And as much as I respect democracy, I really wonder what relevance opinions from people who live hundreds and hundreds of miles from the airport really hold. Those folks are unlikely to ever use any airport in CDMX, and the airport should be funded via landing fees, and taxes on passengers. Sure, it’s a big Mexican public works project, and thus is probably stuffed full of corruption. But unfortunately, that’s the baseline in Mexico, and not an argument that particularly applies to the new airport.

    While AMLO needed to do something dramatic to herald his administration, I’m not sure that canceling that airport was the wisest thing to do. Certainly the hit to the Mexican Peso alone from that action has already hurt folks SOB. And international capital markets weren’t exactly in love with AMLO to begin with. A super-weak peso certainly isn’t going to help the average Mexican who wants to buy imported medicines (diabetics), or who wants to buy any petroleum products (internationally priced) or who wants to buy tires for his car, or any number of things whose prices are set in international markets.

    But we shall see. A weak peso is great for those of us who want to be in Mexico but rely on foreign funds.


    Kim G
    Redding, CA
    Where the airport is lovely and tiny, with about 3 gates.

    • 19 November 2018 10:03 pm

      The El Financiero article ignored the environmental costs, and upkeep (just washing the glass in the proposed terminal is a huge expense), not to mention correcting the problems with drainage that were never properly considered, would run much more than restoring the site to its intended use as wetlands and a water retention source. Santa Lucia has its problems, but it isn’t as if it is a replacement for the existing airport, but rather a secondary airport… something not unheard of: Houston, Dallas, Washington DC etc function quite well with two or more airports.

      • 19 November 2018 11:33 pm

        Well, in your reply you also ignored the revenues that a running airport would generate. I don’t seem to be able to book a ticket anywhere without paying $100-$150 USD in tax per ticket. Also, if you been in AICM at any point, you’ll realize they aren’t exactly obsessive about washing the windows. Norman Foster may not be aware of that, but the traveling public certainly is.

        I took a look at the existing ACIM via satellite view, and it looks to my uneducated eye like they could possibly build a third runway. And there’s certainly room for another terminal. So maybe continuing with the existing airport is the best idea. I certainly was not looking forward to schlepping in from and out to Texcoco.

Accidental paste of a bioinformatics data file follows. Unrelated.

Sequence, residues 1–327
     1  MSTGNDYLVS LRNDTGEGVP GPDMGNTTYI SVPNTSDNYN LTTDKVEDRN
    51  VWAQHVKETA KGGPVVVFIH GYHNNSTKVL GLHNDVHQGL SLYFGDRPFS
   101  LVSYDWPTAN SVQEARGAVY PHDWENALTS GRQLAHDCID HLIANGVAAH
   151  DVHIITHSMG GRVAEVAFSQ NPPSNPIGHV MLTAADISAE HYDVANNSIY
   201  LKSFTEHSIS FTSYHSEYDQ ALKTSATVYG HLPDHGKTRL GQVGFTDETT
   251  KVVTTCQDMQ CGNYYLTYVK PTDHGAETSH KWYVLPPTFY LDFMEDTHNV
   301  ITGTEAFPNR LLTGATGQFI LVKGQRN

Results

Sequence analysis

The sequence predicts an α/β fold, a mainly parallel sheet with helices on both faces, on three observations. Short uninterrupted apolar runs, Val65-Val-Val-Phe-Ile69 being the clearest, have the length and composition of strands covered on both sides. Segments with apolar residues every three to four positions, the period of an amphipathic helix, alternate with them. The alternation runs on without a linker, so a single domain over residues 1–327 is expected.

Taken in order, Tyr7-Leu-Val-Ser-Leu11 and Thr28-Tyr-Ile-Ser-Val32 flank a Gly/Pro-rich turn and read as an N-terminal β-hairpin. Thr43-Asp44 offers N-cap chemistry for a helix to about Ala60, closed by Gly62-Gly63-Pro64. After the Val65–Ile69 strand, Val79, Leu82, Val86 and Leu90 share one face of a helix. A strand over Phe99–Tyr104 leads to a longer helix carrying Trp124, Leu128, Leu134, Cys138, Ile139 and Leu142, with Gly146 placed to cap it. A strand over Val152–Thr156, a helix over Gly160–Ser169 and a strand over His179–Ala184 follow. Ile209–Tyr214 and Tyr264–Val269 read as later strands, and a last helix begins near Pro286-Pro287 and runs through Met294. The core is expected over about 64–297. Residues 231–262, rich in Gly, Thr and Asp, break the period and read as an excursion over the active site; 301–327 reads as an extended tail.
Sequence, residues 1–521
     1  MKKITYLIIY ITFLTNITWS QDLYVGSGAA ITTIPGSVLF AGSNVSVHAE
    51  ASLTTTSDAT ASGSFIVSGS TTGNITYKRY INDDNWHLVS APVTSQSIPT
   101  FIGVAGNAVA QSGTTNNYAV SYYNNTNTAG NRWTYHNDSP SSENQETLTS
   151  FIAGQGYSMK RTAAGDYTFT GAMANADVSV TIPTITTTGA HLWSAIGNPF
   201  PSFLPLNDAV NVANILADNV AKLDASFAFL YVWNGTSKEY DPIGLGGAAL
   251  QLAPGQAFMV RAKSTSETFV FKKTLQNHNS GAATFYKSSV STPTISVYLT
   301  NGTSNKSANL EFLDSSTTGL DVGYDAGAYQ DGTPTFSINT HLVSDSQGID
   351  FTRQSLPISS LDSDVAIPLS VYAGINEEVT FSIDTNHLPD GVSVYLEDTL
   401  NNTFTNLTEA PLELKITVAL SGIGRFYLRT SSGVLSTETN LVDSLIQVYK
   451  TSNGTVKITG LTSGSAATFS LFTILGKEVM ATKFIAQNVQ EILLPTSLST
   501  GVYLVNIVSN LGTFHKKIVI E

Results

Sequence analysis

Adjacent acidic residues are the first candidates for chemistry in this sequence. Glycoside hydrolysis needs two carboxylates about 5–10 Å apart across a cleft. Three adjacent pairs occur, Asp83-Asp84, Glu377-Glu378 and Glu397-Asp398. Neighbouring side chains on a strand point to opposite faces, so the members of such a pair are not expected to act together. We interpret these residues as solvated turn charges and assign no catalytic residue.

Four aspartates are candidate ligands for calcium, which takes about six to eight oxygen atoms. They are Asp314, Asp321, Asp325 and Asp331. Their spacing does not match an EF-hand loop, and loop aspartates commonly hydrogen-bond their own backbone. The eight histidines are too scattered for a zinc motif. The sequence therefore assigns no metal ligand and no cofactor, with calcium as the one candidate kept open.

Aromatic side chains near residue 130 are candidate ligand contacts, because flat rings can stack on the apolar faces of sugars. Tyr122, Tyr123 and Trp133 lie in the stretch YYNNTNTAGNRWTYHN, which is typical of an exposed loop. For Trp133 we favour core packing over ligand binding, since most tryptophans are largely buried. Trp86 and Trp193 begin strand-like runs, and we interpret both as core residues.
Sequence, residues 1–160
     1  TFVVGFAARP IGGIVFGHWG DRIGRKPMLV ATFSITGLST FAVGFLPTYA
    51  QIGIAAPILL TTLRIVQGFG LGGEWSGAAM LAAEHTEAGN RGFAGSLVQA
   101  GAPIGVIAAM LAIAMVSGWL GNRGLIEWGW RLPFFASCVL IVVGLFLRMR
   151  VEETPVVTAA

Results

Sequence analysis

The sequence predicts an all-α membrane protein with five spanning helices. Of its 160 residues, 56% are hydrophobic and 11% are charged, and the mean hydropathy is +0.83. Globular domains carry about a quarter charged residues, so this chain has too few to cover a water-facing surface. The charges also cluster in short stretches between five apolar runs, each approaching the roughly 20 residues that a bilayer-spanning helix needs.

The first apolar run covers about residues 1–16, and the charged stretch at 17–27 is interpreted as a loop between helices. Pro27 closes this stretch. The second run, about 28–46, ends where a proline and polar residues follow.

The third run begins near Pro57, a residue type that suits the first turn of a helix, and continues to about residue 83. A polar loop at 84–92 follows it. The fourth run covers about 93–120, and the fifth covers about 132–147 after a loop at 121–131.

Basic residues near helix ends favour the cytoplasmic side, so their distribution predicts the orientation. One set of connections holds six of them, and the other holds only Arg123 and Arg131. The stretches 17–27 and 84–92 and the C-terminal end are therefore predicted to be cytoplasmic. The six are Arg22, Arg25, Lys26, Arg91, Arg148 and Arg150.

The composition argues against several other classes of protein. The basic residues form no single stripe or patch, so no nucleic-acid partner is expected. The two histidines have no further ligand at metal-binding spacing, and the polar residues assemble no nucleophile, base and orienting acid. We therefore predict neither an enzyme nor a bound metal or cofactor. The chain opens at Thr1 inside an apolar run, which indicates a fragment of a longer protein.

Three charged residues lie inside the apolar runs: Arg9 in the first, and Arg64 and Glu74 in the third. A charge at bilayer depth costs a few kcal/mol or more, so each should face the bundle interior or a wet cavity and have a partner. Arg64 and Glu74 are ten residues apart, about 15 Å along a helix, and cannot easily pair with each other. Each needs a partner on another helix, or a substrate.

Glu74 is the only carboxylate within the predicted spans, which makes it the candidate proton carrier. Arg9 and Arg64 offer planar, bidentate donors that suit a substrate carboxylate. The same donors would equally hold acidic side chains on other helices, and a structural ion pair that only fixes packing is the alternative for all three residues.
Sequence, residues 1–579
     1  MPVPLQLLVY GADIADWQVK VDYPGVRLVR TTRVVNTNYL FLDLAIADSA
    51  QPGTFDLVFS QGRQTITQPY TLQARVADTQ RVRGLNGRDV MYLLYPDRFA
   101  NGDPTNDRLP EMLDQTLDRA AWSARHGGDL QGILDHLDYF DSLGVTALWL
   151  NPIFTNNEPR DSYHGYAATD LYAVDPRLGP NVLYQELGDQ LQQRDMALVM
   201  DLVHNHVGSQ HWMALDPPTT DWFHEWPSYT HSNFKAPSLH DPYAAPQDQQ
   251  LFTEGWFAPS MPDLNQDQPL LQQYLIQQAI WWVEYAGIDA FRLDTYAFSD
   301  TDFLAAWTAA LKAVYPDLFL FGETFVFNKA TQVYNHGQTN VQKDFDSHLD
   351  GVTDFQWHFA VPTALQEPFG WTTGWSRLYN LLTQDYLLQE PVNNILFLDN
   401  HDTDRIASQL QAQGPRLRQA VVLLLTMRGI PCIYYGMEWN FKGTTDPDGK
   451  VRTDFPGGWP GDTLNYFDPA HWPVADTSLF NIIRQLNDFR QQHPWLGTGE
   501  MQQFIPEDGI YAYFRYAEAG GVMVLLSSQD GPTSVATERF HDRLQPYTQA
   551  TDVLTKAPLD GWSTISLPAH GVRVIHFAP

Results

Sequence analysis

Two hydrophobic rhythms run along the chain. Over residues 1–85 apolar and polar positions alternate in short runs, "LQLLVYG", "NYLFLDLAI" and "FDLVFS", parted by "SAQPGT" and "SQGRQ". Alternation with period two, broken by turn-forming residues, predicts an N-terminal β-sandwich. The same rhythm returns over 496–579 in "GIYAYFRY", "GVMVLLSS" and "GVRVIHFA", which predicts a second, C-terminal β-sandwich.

As for your suggestion about multiple airports, I don’t disagree. But if it’s already hard to get people to use Toluca, then Santa Lucía is going to be an even harder sell. Right? Let’s be honest. The heavy airport users are going to places like Polanco, Roma, Condesa, etc. They aren’t coming from nor going to Tizayuca. If anything, a second airport should be to the south of the city as there are rich people there, and that’s where the growth in the city is. That makes far more sense than Santa Lucía, at least IMHO. Of course where to site it remains a problem. The notable open spaces are all watery places, Xochimilco being one that comes to mind. And no, I’m not suggesting it should be filled in for an airport.

        By the way, Houston and Dallas both have a main airport which gets the bulk of the traffic (and connections), and then a smaller airport which serves the likes of Southwest, private planes, and a few others. And if you look at places like San Francisco or New York, even there, one of the airports is usually under-utilized. In SF it’s Oakland, in New York it’s La Guardia, which mostly handles commuter flights. JFK and Newark do the heavy lifting. DC is something of a special exception due to it being the nation’s capital. But generally, one large airport is better than two smaller ones due to the network effects of connections. While CDMX is bigger than NYC, sadly, it is much poorer. So it’s questionable whether the dual airport idea is as economically viable.

        I’d still be interested in seeing a dispassionate accounting of the costs of stopping vs the costs of continuing. (Not that I expect you to do so, of course.) But continuing can’t take into account cost overruns. But I will bet serious money that if abandoned, the Texcoco site is not restored to its pre-construction state in our lifetimes. So to some extent the environmental cost is a sunk cost and so should probably not be taken into account at this point. Right? The damage is already done, or mostly done.